California’s Attorney General Kamala Harris has announced she is pulling out of multi-state foreclosure practice negotiations which are currently under way with some of the country’s biggest banks, saying she intends to pursue her own investigations in an attempt to reduce foreclosure numbers and reform bank practices.
Harris, in a letter to the committee, said that any relief contemplated in the deal would be too little for California homeowners, too few of whom would manage to stay in their homes.
The LA Times quoted Harris as saying that instead of the plan mooted by the committee, the onus should be on banks to make mortgages more affordable for struggling homeowners by reducing the principal owed.
Thanks to the size of California and the massive number of foreclosures in the state, Harris may just have the ammunition she needs to force her own deal with the banks, say industry analysts. Her move was welcomed by a number of consumer advocate groups, which had previously claimed the settlement proposed by banks was nothing but a “slap on the wrist”.
One of the most vocal consumer advocates is Rick Jacobs, who is chairman of the Courage Campaign, and he was delighted with the news:
“This is enormous news, bigger than just California news. California is ground zero in so many ways for the mortgage debacle. She is saying, ‘We’re going to find out what happened and do everything we can to make sure banks help restart the economy by keeping people in their homes.'”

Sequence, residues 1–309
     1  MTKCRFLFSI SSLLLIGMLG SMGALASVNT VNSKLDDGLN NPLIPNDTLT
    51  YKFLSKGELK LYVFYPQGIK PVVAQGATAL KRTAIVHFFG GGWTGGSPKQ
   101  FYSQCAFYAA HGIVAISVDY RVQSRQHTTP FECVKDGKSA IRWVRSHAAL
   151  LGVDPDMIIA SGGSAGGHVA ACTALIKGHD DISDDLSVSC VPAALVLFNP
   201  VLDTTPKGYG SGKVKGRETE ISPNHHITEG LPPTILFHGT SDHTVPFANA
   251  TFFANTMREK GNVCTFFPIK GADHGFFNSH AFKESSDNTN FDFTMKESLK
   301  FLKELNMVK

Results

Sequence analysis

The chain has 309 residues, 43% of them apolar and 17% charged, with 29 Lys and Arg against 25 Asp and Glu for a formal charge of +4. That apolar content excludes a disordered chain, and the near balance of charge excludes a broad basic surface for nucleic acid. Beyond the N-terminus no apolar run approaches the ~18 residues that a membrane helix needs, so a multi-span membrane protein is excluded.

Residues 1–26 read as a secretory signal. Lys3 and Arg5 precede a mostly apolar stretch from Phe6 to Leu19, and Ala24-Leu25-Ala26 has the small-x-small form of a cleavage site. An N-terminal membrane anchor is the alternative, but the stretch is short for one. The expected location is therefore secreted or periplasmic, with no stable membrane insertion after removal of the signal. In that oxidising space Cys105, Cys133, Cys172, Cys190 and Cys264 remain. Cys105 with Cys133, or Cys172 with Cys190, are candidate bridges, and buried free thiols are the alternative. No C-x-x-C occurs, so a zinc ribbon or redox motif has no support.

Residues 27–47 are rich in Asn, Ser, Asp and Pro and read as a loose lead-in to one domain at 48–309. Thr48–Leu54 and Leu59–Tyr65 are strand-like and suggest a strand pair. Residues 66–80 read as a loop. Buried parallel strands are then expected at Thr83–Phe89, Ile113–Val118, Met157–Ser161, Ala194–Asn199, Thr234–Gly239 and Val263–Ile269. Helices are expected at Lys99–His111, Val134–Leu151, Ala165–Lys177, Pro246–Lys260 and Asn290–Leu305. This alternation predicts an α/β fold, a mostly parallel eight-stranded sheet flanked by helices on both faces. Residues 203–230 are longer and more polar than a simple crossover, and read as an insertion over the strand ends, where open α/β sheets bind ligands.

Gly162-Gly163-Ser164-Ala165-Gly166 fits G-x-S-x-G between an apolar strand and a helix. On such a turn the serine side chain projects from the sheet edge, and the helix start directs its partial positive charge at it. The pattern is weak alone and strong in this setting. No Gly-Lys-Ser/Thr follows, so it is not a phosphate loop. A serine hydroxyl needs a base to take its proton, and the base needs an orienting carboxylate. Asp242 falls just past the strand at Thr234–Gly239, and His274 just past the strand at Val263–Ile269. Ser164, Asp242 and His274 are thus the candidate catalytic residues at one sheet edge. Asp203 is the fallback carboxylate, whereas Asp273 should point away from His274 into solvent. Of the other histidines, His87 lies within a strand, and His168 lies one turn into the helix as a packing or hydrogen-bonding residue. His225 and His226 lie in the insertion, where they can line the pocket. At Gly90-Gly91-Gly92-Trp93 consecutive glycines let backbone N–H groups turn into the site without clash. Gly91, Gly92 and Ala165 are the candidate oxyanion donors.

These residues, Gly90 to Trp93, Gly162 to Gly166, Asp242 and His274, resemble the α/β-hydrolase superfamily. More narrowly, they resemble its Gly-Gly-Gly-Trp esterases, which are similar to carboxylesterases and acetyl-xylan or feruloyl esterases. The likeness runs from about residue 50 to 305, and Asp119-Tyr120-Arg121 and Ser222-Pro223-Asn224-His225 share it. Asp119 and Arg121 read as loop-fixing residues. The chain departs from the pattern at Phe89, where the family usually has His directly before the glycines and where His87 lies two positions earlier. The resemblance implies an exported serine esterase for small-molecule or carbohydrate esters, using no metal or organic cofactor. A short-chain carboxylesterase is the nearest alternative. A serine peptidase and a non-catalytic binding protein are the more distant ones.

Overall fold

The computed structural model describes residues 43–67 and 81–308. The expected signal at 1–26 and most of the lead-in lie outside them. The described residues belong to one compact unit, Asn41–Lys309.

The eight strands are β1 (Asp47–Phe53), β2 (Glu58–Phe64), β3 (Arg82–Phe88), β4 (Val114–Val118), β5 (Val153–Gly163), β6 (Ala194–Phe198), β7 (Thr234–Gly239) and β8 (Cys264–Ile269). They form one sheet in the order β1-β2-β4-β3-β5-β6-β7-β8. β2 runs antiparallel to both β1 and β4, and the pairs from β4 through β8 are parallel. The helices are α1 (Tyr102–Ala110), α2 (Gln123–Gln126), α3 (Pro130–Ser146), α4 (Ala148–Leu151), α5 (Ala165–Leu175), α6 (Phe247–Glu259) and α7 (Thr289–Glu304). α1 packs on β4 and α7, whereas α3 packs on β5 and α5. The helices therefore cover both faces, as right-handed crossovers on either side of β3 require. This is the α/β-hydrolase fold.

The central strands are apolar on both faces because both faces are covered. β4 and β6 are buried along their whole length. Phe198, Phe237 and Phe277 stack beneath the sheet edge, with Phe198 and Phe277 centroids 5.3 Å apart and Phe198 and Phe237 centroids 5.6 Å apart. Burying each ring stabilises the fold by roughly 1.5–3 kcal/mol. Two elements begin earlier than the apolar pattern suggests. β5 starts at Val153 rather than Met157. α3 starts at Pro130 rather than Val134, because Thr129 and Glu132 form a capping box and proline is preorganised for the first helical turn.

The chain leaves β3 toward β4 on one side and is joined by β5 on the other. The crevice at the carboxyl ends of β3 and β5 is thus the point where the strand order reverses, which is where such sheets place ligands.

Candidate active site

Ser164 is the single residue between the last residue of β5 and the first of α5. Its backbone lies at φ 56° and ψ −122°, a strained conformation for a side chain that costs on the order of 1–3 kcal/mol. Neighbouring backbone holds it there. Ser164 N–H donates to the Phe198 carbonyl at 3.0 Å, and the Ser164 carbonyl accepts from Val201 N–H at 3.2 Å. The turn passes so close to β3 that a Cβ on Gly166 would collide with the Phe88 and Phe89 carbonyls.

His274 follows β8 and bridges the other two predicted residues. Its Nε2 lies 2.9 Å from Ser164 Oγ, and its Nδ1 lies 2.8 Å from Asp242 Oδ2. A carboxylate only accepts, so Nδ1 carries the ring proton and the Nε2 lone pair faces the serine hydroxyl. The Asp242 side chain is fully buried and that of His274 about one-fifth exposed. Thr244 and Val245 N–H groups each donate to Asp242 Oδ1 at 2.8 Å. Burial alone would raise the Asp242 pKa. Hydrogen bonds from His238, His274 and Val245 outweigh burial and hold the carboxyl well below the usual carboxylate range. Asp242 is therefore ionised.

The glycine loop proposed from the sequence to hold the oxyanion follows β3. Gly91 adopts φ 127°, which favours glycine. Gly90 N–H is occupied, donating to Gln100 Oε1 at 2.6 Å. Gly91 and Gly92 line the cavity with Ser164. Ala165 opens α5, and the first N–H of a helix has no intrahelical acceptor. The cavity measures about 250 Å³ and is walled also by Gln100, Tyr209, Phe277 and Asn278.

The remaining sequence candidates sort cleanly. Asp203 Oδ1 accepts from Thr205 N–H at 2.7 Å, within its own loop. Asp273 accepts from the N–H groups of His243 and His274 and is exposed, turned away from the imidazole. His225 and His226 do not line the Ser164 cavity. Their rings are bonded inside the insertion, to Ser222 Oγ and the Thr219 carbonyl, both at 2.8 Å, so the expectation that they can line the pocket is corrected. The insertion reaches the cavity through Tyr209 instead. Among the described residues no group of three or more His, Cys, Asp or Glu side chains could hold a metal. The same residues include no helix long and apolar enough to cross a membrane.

The committee for resolving the foreclosure crisis, made up of all 50 attorneys general, as well as numerous federal officials, has been looking into ways to reform banking practices ever since last year’s “Robo-signing” scandal, which revealed that numerous bank employees were signing foreclosure orders and other documents without even reading the.
It’s been rumored that five of the major U.S. banks – JP Morgan Chase, Bank of America, Citigroup, Ally Financial and Wells Fargo – have been close to a $20 billion settlement for months now.
However, this proposed settlement has come under increasing criticism in recent weeks, with consumer advocates, activists, politicians and labor leaders becoming increasing vociferous in their opposition to the plan, which they claim doesn’t help the victims of their malpractice and lets them off too lightly.
Attorney General Harris had been under considerable pressure from these groups to pull out of the talks.
In addition to Harris, a number of other attorneys general, such as those from Massachusetts, New York, Kentucky, Delaware, Minnesota and Nevada, have also criticized the settlement.